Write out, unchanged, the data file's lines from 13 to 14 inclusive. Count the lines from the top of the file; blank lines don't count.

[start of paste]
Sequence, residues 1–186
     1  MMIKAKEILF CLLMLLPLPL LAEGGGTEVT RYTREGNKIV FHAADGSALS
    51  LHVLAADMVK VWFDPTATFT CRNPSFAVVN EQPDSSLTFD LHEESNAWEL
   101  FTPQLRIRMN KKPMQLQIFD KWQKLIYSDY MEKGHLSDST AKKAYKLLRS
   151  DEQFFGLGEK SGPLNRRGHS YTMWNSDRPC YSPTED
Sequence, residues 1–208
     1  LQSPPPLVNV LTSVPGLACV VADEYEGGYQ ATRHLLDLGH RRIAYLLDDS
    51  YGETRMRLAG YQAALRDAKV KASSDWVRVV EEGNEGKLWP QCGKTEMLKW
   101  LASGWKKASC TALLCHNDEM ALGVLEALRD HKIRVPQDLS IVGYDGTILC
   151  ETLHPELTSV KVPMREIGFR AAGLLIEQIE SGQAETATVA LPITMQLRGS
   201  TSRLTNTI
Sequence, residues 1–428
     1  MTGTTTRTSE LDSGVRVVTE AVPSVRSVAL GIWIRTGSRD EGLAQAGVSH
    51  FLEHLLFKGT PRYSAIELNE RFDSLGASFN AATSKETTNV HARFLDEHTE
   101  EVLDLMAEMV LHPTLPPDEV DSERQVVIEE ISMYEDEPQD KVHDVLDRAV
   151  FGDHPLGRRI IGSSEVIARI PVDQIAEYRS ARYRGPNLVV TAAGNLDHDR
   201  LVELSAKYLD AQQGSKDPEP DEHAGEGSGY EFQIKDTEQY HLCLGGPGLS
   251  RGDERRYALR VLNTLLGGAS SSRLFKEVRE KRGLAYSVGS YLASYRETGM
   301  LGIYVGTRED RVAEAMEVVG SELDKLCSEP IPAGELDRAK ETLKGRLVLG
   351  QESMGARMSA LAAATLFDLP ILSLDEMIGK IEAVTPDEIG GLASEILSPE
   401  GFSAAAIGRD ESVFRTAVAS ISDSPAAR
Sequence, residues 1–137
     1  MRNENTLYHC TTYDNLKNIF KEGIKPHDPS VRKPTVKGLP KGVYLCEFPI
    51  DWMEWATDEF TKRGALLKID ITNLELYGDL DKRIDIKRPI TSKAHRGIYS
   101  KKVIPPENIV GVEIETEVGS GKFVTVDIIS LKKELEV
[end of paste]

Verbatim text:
     1  MTGTTTRTSE LDSGVRVVTE AVPSVRSVAL GIWIRTGSRD EGLAQAGVSH
    51  FLEHLLFKGT PRYSAIELNE RFDSLGASFN AATSKETTNV HARFLDEHTE